Germany and other mainland European countries. 

 

The size of the local market in the 1930s and 40s is well described by a KEO manager of the time, addressing a Directors meeting in 1947 for the issue of setting up their brewery. He commented that the Cypriot market consumed no more than 500.000 liters of beer, mostly imported from

Europe and few quantities supplied by small local breweries. Existing evidence suggests that Leonbeer’ was the product of the first commercial brewery in Cyprus, founded in 1937 by Mr Christodoulos Platanis in Nicosia . For a number of years, M. Platanis & Co Ltd remained the sole producer of beer in Cyprus. In 1962 Mr Photos Photiades joined the company and in subsequent years changed the name to Photos Photiades Breweries Ltd. Leon beer production was discontinued in 1968, the year that the company was granted the license to produce Carlsberg beer in Cyprus, which made Cyprus the first ever country to produce Carlsberg outside Denmark. Leon beer was re-launched with great success in 2003 by Photos Photiades Breweries Ltd.

 

The other major Cypriot brewery, KEO (Kypriaki Etairia Oinopnevmatodon), was established in 1927 as a wine and beverage manufacturer. KEO beer was launched much later, in 1951 following completion of its own brewery in Limassol, a factory that was designed by Czech experts and which is still in operation. KEO is a Pilsner type lager beer which has gained popularity among both Cypriots and tourists as a light refreshing beer best suited to be consumed cold especially during the hot Cyprus summers.

 

Beer in Cyprus has remained a two company affair; KEO with its own branded beer and Photos Photiades Ltd with the Carlsberg and Leon brands. Together, the two local brewers account for about 90% of annual consumption, while literally hundreds of imported beers account for the remaining 10%. Based on market estimates, Carlsberg is the market leader of the local beer market with around 50-52% followed by KEO with 37-40%.

 

Leon beer ranks third with 3-4% an astonishing share when one considers that it has only 4 years of life in the market. Both breweries have earned a number of international awards for their dedication to quality. Photos Photiades Breweries ranked 1st overall from all Carlsberg breweries worldwide in terms of Quality for the years 1997, 2005 and 2006. In 1987, KEO beer was awarded the Golden Medal in ‘The Brewing Industry International Awards’, a worldwide recognition for the brewery and one that opened new markets for KEO beer and wines.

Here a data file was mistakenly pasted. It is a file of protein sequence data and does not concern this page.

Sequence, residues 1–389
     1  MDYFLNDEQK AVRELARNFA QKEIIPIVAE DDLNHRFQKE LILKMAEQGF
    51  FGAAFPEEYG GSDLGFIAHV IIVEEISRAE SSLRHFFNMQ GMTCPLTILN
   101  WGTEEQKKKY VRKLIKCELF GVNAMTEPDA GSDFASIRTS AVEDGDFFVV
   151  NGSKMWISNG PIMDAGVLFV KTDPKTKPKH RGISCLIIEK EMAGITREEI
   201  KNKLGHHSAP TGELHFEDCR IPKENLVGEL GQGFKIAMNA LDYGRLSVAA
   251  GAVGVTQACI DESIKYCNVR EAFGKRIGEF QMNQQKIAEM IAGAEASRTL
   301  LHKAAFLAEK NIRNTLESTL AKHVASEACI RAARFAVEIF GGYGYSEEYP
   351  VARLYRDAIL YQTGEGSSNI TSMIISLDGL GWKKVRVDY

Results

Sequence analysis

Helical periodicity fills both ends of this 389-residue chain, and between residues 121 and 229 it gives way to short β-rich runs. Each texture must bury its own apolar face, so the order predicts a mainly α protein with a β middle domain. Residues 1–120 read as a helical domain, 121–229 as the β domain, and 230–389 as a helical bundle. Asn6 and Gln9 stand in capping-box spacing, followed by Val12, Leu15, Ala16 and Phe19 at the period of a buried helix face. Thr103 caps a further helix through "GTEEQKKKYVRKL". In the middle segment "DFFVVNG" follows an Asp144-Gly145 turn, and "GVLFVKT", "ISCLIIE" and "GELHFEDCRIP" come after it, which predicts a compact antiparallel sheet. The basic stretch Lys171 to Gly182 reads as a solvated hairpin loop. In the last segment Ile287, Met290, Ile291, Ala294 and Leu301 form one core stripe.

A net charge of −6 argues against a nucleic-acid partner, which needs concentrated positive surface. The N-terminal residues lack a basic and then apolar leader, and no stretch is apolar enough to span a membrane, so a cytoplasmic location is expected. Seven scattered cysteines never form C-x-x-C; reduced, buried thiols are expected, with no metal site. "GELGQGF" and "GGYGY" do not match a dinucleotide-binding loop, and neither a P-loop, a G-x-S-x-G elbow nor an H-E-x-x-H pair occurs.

Beer is clearly a popular drink in Cyprus. This is an unequivocal conclusion, when one looks at statistical data of the last thirty years, as beer has been a multiple of wine consumption. Statistical data (2008) indicates that beer consumption is 60 liters per capita, while the corresponding wine consumption is 19.7 liters. Other spirits form an even smaller fraction of beverage consumption (4 liters). Out of the 60 liters consumed nearly 82% is locally brewed beer, representing in absolute figures an annual production of 40 million liters.

 

Another area of the Cypriot beer universe that is worth highlighting is the relatively low share of local production that is exported (3.5%).The penetration in foreign markets should gain a higher priority for KEO and Leon beers in the years ahead, if they are to realize additional benefits from the globalization of the beer market.

 

The Table below shows statistical data related to the beer market of Cyprus

 

Year

2007

2008

2009

2010

Sales

(local and global in thousand Liters)

39753

40892

36051

34234

Exports

(in thousand Liters)

1142

986

504

475

Local consumption

(In Liters per head)

49,2

 

50,3

 

-

-

 

 

Global Beer Industry trends

Beer is the largest volume alcoholic drink in the world. In the major world markets, such as

Germany and the UK , it accounts for around 80 per cent of all alcoholic drinks, and in the US for more than 60 per cent. Traditionally brewing markets have been with a high degree of localized appeal. Hence, the industry used to be dominated by local breweries satisfying the demand for good quality beer. To date, the German market is characterized by a high degree of fragmentation. The world beer production has experienced steady growth that has been mostly due to rising consumption in emerging markets The industry produced 1,166 ml hectolitres (hl) of beer in 1990; 1,253 in 1995; 1,383 in 2000; and 1,478 in 2003. Since the second part of the 1990s there has been a constant decline in consumption trends in the Western European and North American beer markets and increasing consumption trends in several emerging markets, especially in China , Russia and Mexico . While in 2000 the US ranked first in beer production, in 2003 China became the largest producer of beer in the world. The constant increase of beer consumption in Russia and the large opportunities for growth in per capita consumption in China and Russia have strengthened the brewing industry in these countries.